Farmers, meat processors, poultry product processors, and consumers will all be severely hurt if USDA fails to have inspectors on the ground performing their required duties in accordance with FMIA and PPIA. The comments you have made in the press, to farm groups, and at the recent USDA Outlook Forum, suggest you view there is a rigid legal duty to furlough all employees at USDA without concern for USDA’s statutory duties, or for the health and safety of consumers. Since that is apparently your view, please respond to the following questions and requests for further information:
What is USDA doing to reduce spending in the areas of travel, seminars, conferences, and operating expenses in light of sequestration? Please provide an accounting of the savings USDA expects to save from these areas.
Please provide any written legal opinions you have been provided by USDA attorneys, the White House, or the Office of Management and Budget, indicating you have the ability to disregard the requirements under FMIA and PPIA and furlough inspectors.
Please provide your plan for furloughs in the office of the USDA Secretary due to the requirements of the Budget Control Act of 2011.
In a letter you sent in mid-February to the American Meat Institute, National Cattlemen’s Beef Association, National Pork Producers Council, National Chicken Council, and the National Turkey Federation, you stated, “[W]ere sequestration to become reality, it simply would not be possible for FSIS to achieve the requisite level of savings by furloughing non-front line staff alone.” Please explain this assertion. In addition, please explain why USDA cannot use furloughs in other mission areas in order to keep FSIS inspectors on the job. If you have received written legal opinions pertaining to sparing FSIS inspectors and furloughing other USDA employees instead, please provide a copy.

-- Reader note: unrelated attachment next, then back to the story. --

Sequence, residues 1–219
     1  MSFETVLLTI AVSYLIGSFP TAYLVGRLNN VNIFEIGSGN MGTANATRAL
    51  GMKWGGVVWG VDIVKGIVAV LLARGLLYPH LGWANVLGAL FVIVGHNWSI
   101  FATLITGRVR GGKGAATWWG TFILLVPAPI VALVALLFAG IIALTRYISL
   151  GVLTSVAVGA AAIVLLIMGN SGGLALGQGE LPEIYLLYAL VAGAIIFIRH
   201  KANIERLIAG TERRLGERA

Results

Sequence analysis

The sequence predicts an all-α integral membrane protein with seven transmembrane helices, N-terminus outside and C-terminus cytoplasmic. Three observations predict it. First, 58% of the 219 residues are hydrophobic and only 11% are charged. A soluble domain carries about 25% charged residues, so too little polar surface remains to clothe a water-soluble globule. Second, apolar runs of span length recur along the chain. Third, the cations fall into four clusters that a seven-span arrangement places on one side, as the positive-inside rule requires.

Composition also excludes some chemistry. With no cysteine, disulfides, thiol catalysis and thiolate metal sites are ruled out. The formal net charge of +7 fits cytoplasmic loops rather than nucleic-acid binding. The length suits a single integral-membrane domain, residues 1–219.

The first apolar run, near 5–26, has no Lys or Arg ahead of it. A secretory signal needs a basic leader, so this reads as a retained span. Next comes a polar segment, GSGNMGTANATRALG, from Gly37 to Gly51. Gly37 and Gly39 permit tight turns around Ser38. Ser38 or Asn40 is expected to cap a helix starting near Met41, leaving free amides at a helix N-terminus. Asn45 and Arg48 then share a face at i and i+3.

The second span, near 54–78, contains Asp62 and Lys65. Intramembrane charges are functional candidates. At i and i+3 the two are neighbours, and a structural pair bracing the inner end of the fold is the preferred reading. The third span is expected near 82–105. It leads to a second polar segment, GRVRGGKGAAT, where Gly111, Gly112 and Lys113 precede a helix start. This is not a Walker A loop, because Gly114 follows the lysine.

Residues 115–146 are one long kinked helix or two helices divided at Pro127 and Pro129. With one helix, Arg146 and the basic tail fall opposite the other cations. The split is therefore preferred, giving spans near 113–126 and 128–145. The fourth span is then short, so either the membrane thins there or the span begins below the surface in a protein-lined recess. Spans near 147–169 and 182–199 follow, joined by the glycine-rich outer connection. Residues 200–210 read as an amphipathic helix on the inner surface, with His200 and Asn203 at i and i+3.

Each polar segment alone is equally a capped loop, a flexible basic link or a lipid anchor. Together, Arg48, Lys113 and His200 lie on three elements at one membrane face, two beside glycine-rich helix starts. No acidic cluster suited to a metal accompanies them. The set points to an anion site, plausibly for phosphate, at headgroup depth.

We are confident you have the ability to implement sequestration at USDA without jeopardizing the ability of Americans to feed their families and seriously hurting U.S. farmers, meat and poultry production facilities, and workers in those facilities. We look forward to receiving a response to the above questions and information requests. Due to the time sensitivity of this matter, we would appreciate receiving your response by no later than March 4, 2013.